Rigorous Definition of Kelvin?

  • Thread starter "pi"mp
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  • #1
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Hi all,
I'm reading through Zwiebach's String Theory text on my own and am thinking about one of his very elementary exercises on "units." We are asked to define temperature in Kelvin with reference to the fundamental units of mass, length, and time. My thought is the following:

We take kT=hf where here f is the frequency of oscillation of Cs-133 radiation at that temperature since that is how the "second" is defined. Then we will have defined the temperature T (in Kelvin) in terms of only numerical quantities whose value we know (k and h) and f.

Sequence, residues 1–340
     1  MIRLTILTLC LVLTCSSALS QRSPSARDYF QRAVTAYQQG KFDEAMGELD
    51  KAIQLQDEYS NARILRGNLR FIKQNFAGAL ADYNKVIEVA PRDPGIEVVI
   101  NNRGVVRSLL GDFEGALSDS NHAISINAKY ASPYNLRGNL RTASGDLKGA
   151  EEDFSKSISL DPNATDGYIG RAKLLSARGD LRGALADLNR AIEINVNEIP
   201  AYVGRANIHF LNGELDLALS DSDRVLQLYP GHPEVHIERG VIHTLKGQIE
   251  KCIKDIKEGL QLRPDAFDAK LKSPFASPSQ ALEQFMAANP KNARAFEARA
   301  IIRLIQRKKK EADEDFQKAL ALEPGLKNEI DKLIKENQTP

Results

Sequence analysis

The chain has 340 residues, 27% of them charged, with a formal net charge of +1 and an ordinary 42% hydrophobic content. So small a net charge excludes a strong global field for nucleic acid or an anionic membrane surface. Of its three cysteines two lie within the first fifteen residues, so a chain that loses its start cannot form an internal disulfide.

I'm not very confident about this at all but I'm not sure how else to do it.
 

Answers and Replies

  • #2
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That is the usual way to make units less dependent on specific setups, indeed. I think "fundamental units of mass, length and time" are the planck units here, not specific transition in some specific isotope.
 
  • #3
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Ah okay, so how would I go about constructing the Kelvin that way?
 
  • #4
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You can just use kT=hf as definition, with fixed values for k and h (in Planck units, h has a known value anyway). The value of k is arbitrary.
 
  • #5
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hmm okay. But then what would "f" be? I thought you said we ought not refer to a specific isotope or anything like that.
 
  • #6
34,962
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The planck units have something you can use there.
 

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